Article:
Part 2: Performance Report (page 7)
Sport and Recreation
The department works closely with states and territories, the Australian Sports Commission and other key national sporting organisations to develop, implement and promote policies and strategies to support participation, achievement and integrity in Australian sport.
The department supports national strategies to promote regular physical activity, supports the bidding for and hosting of major international sporting events, and maintains a best practice anti-doping regime that meets international standards. The department also supports the development of initiatives designed to encourage widespread participation by specific groups within the Australian community, including women, Indigenous Australians and Australians from multicultural backgrounds.
Table 14 summarises the department's performance against its key performance indicators for 2012–13. The department achieved all of its key performance indicators under Outcome 4.
The Office of Sport supported sports at all levels from international to community programs.
Table 14: Program 4.1: Sport and recreation—performance results
|Key performance indicators||Resultsa|
Several new funding agreements for sport and recreation facilities were entered into during the year. Projects funded in previous years continued to be managed through to completion.
2011–12 result: Achieved
Australia has contributed to all stages of the current revision of the World Anti-Doping Code.
2011–12 result: Achieved
Five new research projects were funded in addition to the ongoing research support provided to the National Measurement Institute.
2011–12 result: Achieved
The department funded 13 national sporting organisations to deliver illicit drug education projects.
The Australian Sports Commission conducted an effective education and testing program for Australian Institute of Sport athletes.
2011–12 result: Achieved
A funding agreement was executed on 28 March 2013.
2011–12 result: Achieved
Government guarantees were executed on 26 February 2013.
a Trend information provided where available.
Establishment of the National Integrity of Sport Unit
In July 2012, the National Integrity of Sport Unit (NISU) was established within the department to provide national oversight and coordination of efforts to protect the integrity of sport.
Since its establishment, the NISU has implemented the National Policy on Match-Fixing in Sport and has assisted sporting organisations to implement integrity measures.
It has also set up the Australian Sports Integrity Network as a vehicle for sporting organisations to coordinate responses to sport integrity issues, The NISU continues to work collaboratively with sporting groups, law enforcement organisations and government agencies to improve integrity in sport.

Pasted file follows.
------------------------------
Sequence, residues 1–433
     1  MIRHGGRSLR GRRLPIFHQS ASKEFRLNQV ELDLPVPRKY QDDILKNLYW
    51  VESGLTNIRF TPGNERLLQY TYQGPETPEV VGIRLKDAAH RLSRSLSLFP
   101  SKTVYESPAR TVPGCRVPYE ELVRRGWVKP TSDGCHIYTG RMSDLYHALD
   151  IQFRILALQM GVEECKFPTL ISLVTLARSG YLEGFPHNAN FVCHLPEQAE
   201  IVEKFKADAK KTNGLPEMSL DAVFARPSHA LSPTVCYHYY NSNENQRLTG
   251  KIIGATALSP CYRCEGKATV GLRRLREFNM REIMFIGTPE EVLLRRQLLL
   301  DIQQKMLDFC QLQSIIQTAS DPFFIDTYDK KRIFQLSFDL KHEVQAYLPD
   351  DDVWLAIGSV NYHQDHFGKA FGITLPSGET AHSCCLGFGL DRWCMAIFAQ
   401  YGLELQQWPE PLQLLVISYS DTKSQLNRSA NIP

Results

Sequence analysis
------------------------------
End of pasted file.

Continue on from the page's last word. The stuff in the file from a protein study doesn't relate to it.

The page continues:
To raise awareness of sports integrity and sports betting issues and to assist sporting organisations, the NISU developed an anti-match-fixing policy template for sporting organisations to use, and an online education program. The online education program is available on the NISU's website and has attracted strong international interest.
Passage of the Australian Sports Anti-Doping Authority Amendment Act
The department supported the Minister for Sport in the development, introduction and passage of the Australian Sports Anti-Doping Authority Amendment Act 2013, which received royal assent on 29 June 2013. The Act strengthens the Australian Sports Anti-Doping Authority's investigative capacity by giving its chief executive officer the power to issue a disclosure notice to compel a person to assist with an investigation.
The changes introduced by the Act help to ensure that the Australian Sports Anti-Doping Authority is equipped to meet the challenges faced in a changing environment where the testing of athlete biological samples alone may not be enough to detect sophisticated doping.
World Anti-doping Code
The department supported Australia's submissions to each stage of the international review of the World Anti-Doping Code. The World Anti-Doping Code is the core document that provides the framework for harmonised anti-doping policies, rules and regulations across international sporting organisations and governments. The code came into force on 1 January 2004 and is currently undergoing its second review, which is intended to shape the future direction of international anti-doping activities.
The department works to build stronger, more inclusive communities through sport. (Photo courtesy of Tennis Australia.)
At 30 June 2013, five Australian governments had passed or introduced criminal offences for match-fixing to meet specific commitments made under the National Policy on Match-Fixing in Sport.
The department continued to work with betting regulators on a consistent regulatory framework for sports betting markets, and with the betting industry on measures required under the national policy, including standards for information sharing.
The department also supported international efforts to combat match-fixing by contributing to a draft international match-fixing convention. The draft convention, the Council of Europe's Enlarged Partial Agreement on Sport, calls for parties to adopt legislative measures to ensure cooperation between sports organisations, betting operators and law enforcement agencies.
Women in sport